The recommended compost pile size, for example for peat-manure compost, is 3-4 m in width and 2 m in height. A 40-50 cm thick carpet layer of peat is placed at the bottom, a 25-30 cm thick layer of manure is placed on top of it, the layering is continued to a height of 1.5 m and the pile is closed with a 40-50 cm thick layer of peat so that it does not dry out and decomposing processes can take place inside.

A garden compost pile is formed by piling branches, shoots, etc. structure-material 20 cm in height and 1.5×1.5 in width, thus providing an air-permeable layer at the bottom of the compost pile. Then, by mixing wetter and drier, finer and coarser material, it is piled on top until the height of the compost pile has reached 1-1.5 m. Kitchen waste and weeds should be placed in the middle of the compost pile, as in the centre of the compost pile will be the highest temperatures. When stacking the pile, it is possible to scatter a bit of semi-finished compost or a bit of clay soil in a layer after every 30 cm compost layer. When the height of the compost pile is reached, it is covered with a soil layer, to prevent it from drying out.

If all the material is thrown together in a pile, it will break down and decompose over time, however, due to the lack of air, the inner side of the pile will rot and therefore stink, and the decomposition will take place slower. It is necessary to build the compost pile on the ground and not on a surface, such as concrete, because then all the necessary organisms, such as earthworms, will not be able to get into it. It is also not recommended to make compost in a hole as there will not be enough air to decompose properly. Properly composted garden compost does not stink!

When is the compost ready?

Depending on the material to be composted, moisture and air access, composting technology, composting on average takes 6-12 months. The composting process is started by microorganisms, and then the temperature in the compost pile can reach 60 °C. As the temperature begins to drop, also visible organisms, such as earthworms, occur. When the compost is ready, it is loose, easily spreadable, does not contain sprouting weed seeds, has lost unpleasant odours. The state of the compost can be determined by a C:N ratio test and the absence of undesirable organisms and compounds. To make sure that the compost is ready it is possible to perform a cress test – by sowing cress in a small sample of the decomposed compost mass, if the compost is ready, a green cress carpet will form.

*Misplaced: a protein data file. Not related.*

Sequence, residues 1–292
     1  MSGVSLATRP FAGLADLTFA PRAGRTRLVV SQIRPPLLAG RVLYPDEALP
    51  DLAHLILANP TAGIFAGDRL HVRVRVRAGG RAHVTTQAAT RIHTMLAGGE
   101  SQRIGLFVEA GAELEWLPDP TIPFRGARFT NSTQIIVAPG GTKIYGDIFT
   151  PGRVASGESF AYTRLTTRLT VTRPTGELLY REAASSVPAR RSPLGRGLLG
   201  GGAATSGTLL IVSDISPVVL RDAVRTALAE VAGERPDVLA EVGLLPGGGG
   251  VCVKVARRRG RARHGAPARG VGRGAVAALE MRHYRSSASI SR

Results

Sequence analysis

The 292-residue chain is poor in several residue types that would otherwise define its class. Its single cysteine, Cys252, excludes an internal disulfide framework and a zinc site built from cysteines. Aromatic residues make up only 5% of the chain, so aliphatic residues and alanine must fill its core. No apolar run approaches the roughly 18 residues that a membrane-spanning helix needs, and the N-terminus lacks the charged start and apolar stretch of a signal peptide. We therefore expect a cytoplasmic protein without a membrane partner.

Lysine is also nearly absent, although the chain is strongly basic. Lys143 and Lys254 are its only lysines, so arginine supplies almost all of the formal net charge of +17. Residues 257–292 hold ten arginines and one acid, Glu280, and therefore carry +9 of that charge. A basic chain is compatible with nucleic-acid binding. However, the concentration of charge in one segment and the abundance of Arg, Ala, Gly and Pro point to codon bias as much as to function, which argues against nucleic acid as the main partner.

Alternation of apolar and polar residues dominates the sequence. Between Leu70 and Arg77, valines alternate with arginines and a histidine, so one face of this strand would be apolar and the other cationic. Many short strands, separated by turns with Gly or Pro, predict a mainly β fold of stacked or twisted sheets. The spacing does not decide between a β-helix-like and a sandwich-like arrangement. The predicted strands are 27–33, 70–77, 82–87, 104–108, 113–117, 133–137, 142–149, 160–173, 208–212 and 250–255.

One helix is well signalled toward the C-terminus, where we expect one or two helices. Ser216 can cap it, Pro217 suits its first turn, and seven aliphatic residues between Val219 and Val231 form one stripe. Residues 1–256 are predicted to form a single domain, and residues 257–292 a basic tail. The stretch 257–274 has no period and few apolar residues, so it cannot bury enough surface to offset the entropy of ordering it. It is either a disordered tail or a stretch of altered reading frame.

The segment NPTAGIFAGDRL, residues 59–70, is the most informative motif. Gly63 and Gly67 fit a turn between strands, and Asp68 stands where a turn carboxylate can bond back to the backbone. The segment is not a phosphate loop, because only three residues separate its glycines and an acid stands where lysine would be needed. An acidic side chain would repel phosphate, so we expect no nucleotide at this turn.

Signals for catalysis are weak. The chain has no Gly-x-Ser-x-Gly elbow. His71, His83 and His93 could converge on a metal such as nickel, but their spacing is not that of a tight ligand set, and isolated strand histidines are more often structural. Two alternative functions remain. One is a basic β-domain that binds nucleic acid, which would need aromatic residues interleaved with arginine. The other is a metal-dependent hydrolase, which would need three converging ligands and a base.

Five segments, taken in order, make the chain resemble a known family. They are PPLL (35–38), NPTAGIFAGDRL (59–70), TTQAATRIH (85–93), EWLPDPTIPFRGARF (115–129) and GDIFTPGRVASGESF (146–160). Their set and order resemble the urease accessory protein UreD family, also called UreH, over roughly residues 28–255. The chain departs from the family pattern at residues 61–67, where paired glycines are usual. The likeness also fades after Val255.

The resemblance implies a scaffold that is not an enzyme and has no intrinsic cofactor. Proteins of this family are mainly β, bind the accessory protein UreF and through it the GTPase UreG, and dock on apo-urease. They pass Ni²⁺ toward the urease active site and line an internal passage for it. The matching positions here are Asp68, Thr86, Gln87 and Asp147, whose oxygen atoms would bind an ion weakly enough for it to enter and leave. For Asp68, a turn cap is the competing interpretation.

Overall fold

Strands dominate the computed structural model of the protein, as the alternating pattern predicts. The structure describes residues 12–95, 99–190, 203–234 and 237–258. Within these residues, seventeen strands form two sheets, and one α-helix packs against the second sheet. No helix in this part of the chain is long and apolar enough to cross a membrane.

What should not be composted or towards what should be paid more attention?

Coloured printed and glossy papers should not be composted as they may contain heavy metals neither plastic-coated cardboard can be composted. The peels of various southern plants, such as citrus fruits, can be composted in small quantities, but should not be composted in large quantities, as these fruits are highly sprayed with pesticides. Wood ash is well suited for composting, but lignite and charcoal ash should not be used as it usually contains heavy metals. Plants with fungal or bacterial diseases need to be composted at 45 ° C for at least 4 weeks, and weeds need to be composted in the centre of the pile where higher temperatures are so that their seeds are not able to germinate. It is also possible to compost human excrement (dry toilet contents, sewage sludge), but then it is necessary to ensure certain conditions, for example, high temperatures.

Other composts

From the practice of permaculture, hillbeds (hugelbets) are becoming more and more popular, in the bottom of it garden materials (branches, grass, leaves, manure, weeds that compost) are stacked and a thick layer of soil covers the top. In apartment buildings, kitchen waste can be composted, for example, by placing a special container on the balcony, which also has holes to allow air access, paper or other structural materials and earthworms (Eisenia foetida) must be added to the kitchen waste. Controlled composting of sewage sludge is provided in special areas. Various digestates are also added to composts.